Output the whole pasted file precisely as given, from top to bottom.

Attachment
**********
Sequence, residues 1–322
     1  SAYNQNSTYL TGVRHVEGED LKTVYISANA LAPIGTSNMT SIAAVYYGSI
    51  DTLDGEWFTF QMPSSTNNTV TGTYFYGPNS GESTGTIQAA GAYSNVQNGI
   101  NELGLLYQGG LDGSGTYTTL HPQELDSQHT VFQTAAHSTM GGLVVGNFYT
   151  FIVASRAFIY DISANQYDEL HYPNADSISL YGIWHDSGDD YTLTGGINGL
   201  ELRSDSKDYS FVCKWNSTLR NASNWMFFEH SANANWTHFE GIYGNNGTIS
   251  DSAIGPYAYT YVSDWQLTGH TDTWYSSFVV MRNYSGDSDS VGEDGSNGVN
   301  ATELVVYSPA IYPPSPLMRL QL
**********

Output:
Sequence, residues 1–322
     1  SAYNQNSTYL TGVRHVEGED LKTVYISANA LAPIGTSNMT SIAAVYYGSI
    51  DTLDGEWFTF QMPSSTNNTV TGTYFYGPNS GESTGTIQAA GAYSNVQNGI
   101  NELGLLYQGG LDGSGTYTTL HPQELDSQHT VFQTAAHSTM GGLVVGNFYT
   151  FIVASRAFIY DISANQYDEL HYPNADSISL YGIWHDSGDD YTLTGGINGL
   201  ELRSDSKDYS FVCKWNSTLR NASNWMFFEH SANANWTHFE GIYGNNGTIS
   251  DSAIGPYAYT YVSDWQLTGH TDTWYSSFVV MRNYSGDSDS VGEDGSNGVN
   301  ATELVVYSPA IYPPSPLMRL QL